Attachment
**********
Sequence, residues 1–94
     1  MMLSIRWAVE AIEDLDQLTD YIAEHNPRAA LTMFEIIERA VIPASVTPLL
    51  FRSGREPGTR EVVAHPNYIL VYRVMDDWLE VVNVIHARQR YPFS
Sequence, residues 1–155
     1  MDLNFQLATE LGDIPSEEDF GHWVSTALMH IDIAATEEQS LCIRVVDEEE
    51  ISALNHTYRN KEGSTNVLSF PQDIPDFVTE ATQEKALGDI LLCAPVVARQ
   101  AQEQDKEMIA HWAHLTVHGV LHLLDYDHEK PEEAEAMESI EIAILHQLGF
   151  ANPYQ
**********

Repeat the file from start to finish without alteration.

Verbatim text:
Sequence, residues 1–94
     1  MMLSIRWAVE AIEDLDQLTD YIAEHNPRAA LTMFEIIERA VIPASVTPLL
    51  FRSGREPGTR EVVAHPNYIL VYRVMDDWLE VVNVIHARQR YPFS
Sequence, residues 1–155
     1  MDLNFQLATE LGDIPSEEDF GHWVSTALMH IDIAATEEQS LCIRVVDEEE
    51  ISALNHTYRN KEGSTNVLSF PQDIPDFVTE ATQEKALGDI LLCAPVVARQ
   101  AQEQDKEMIA HWAHLTVHGV LHLLDYDHEK PEEAEAMESI EIAILHQLGF
   151  ANPYQ